Saudis say UN inaction gives Assad 'green light'
UNITED NATIONS (AP) — The Saudi Arabian deputy foreign minister said yesterday that Security Council inaction on the Syrian civil war gave the Bashar Assad regime "a green light" to attack his own people.
Abdulaziz bin Abdullah told the UN General Assembly on Friday that the Assad regime was "in a race against time to accomplish its objectives using the most advanced means of killing and destruction."
Opposition groups say more than 30,000 people have been killed since the uprising began with street demonstrations 18 months ago. Egypt has sought to engage the Saudis along with Turkey and Iran in finding a path to end the fighting. So far, the Saudis have not participated and Iranian leaders claim they are trying to put together a working group of non-aligned countries.
The Security Council, meanwhile, has been deadlocked, with Russia and China blocking three attempts to pass resolutions that would sanction Syria.
"We regret that this regime continues to believe that it can proceed with its suppressive procedures to control the situation without any due regard to the high humanitarian losses," Abdullah said. "The Security Council, which is entrusted with the responsibility of keeping peace and security, has failed so far to take a decision about the Syrian crisis and to stop the bloodshed therein. This matter gave the Syrian regime a green light to proceed with its crimes against the Syrian people, in a race against time, to accomplish its objectives using the most advanced means of killing and destruction."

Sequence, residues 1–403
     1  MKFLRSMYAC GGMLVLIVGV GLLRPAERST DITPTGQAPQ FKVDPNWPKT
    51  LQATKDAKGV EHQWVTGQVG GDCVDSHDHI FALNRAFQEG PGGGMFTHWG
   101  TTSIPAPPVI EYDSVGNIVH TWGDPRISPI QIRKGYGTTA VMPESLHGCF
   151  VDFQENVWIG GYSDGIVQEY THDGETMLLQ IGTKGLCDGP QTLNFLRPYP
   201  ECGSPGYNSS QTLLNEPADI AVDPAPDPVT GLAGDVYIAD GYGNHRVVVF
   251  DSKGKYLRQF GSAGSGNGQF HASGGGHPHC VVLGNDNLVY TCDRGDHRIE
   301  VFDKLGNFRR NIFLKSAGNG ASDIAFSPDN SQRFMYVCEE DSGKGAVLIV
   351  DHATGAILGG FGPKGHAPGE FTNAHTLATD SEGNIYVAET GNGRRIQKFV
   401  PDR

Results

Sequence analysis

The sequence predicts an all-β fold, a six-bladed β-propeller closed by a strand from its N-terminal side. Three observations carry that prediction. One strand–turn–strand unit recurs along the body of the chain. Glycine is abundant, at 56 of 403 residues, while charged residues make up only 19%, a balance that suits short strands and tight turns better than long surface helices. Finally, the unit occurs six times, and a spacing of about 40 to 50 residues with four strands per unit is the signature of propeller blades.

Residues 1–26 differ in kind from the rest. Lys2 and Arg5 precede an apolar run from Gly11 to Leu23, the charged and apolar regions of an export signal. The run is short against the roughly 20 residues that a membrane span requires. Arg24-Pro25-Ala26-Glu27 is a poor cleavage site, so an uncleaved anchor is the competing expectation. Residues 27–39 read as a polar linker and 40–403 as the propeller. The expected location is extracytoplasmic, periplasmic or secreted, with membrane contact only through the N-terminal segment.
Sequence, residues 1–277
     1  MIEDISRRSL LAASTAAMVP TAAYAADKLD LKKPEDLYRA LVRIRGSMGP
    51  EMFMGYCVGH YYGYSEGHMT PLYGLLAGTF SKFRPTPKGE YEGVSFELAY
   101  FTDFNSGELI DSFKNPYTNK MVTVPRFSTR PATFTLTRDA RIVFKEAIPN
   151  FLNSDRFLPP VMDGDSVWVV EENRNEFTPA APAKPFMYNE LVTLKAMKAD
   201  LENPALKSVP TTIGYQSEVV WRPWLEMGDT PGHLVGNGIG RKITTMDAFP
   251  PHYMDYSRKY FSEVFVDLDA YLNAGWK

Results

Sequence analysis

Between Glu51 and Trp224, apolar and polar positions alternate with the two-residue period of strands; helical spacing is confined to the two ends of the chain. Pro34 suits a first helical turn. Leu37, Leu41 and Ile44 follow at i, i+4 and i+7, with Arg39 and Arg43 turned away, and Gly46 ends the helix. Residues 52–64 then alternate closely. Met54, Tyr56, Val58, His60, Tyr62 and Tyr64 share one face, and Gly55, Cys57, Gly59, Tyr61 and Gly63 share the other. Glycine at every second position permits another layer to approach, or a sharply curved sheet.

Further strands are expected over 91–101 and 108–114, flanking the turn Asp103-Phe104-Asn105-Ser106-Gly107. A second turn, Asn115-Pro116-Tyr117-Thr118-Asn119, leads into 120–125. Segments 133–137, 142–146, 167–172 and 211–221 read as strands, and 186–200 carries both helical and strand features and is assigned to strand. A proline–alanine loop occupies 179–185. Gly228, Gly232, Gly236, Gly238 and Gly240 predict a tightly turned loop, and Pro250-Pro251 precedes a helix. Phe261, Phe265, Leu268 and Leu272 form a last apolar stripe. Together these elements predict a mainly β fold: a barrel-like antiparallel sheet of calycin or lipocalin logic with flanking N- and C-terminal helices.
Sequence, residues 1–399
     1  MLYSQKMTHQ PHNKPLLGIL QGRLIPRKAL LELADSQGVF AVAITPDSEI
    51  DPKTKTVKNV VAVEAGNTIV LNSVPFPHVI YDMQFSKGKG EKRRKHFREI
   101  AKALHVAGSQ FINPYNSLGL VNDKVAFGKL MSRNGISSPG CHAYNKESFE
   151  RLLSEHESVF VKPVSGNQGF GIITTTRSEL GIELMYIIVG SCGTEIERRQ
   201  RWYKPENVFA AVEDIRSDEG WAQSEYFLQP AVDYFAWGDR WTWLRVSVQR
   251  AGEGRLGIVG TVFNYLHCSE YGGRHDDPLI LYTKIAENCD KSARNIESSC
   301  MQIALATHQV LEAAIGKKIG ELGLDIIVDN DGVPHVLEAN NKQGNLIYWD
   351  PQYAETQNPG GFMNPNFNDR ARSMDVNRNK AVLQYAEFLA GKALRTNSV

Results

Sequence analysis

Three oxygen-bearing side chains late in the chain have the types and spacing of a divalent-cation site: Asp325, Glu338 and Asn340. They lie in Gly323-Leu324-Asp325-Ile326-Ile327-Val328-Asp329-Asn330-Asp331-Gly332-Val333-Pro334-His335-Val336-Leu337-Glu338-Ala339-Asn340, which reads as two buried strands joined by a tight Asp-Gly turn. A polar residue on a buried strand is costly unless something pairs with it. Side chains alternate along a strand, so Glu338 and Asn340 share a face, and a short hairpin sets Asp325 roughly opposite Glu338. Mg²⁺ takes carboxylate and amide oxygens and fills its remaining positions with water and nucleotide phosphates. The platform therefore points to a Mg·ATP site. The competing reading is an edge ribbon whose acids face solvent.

Abdullah called on the council to support Syria peace envoy Lakhdar Brahimi, and said he needs to go beyond the failed six-point plan of his predecessor, Kofi Annan. That plan called for a ceasefire that never happened, and was supposed to end with a political transition.
"We believe that the success of his mission will require implementing a new strategy and a clear plan that aims to achieve a peaceful transition of power; and surpasses the six-point plan which the previous envoy was not able to implement any of them," Abdullah said. "Needless to say that the new representative will not be able to move forward unless the Security Council provides him with the necessary support he needs to deal with the Syrian crisis at both political and humanitarian levels."